Gr 8 Up—The use of DNA evidence by forensic scientists to help solve crimes is a relatively new innovation. It was only in 1994 that the FBI created a database of DNA samples from convicted and suspected criminals called the Combined DNA Index System (CODIS). However, the field of forensic science has been around for centuries. In fact, as early as 270 CE there was Zhang Ju, a Chinese coroner who wrote about the crimes he solved by examining the bodies of the victims. Using numerous real-life cases, Heos presents a riveting history of the evolution of modern forensic science. One of the first scientific tests ever developed in relation to murder was one for determining the presence of poison, in particular arsenic. This 18th-century breakthrough laid the groundwork for countless other developments in the quest to solve crimes. Heos deftly incorporates the stories behind many murders to illuminate advancements in areas such as fingerprint evidence, firearm and blood pattern analysis, and forensic anthropology (how bodies decompose). Also covered are the rise of the medical examiner, the advent of criminal profilers, and the development of DNA evidence. The text, with photographs sprinkled throughout, is gripping and easy to read but not for the faint of heart. VERDICT Sherlock Holmes lovers, CSI: Miami aficionados, and forensic science students will all be drawn to this rather gruesome yet highly entertaining and fact-packed history.—Ragan O'Malley, Saint Ann's School, Brooklyn. Copyright 2016 School Library Journal.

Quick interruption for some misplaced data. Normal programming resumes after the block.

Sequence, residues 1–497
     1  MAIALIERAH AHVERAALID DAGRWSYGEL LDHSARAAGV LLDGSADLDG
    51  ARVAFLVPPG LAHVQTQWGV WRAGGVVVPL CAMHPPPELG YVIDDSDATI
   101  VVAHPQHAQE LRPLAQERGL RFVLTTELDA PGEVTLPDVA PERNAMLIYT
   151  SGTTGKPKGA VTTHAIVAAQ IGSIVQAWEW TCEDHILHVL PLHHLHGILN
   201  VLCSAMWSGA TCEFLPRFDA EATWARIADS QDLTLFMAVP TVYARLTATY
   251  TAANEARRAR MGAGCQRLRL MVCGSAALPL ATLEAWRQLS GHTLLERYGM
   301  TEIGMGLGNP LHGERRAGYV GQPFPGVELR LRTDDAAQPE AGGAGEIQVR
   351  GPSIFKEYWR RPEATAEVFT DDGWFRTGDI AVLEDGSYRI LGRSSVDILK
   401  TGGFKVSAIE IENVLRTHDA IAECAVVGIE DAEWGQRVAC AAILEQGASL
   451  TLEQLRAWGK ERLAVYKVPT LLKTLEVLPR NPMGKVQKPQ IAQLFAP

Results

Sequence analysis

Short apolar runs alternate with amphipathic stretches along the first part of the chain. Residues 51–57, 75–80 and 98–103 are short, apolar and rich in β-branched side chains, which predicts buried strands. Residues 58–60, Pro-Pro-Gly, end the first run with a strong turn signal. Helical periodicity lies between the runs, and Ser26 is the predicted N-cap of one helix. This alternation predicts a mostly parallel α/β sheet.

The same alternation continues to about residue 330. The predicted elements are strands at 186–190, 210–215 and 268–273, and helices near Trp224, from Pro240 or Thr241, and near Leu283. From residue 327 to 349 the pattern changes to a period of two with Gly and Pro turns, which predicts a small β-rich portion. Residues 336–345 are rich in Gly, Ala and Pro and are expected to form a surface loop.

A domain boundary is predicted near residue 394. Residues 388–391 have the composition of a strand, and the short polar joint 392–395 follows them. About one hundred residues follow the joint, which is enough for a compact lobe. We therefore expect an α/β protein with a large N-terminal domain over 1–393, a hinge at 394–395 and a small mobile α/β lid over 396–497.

Review by Publisher Summary 1

An engaging introduction to the world of forensic science illuminates its role in the criminal justice system in myriad cultures throughout history, demonstrating the cutting-edge technologies of the modern world and how they help solve crimes. Simultaneous eBook. 40,000 first printing.

Review by Publisher Summary 2

A history of modern forensic science from the first test for arsenic poisoning in the 1700s to criminal profiling, fingerprinting, blood splatter analysis, and DNA evidence.

Review by Publisher Summary 3

"A history of modern forensic science from the first test for arsenic poisoning in the 1700s to criminal profiling, fingerprinting, blood splatter analysis, DNA evidence, and all the milestones in between"--

Review by Publisher Summary 4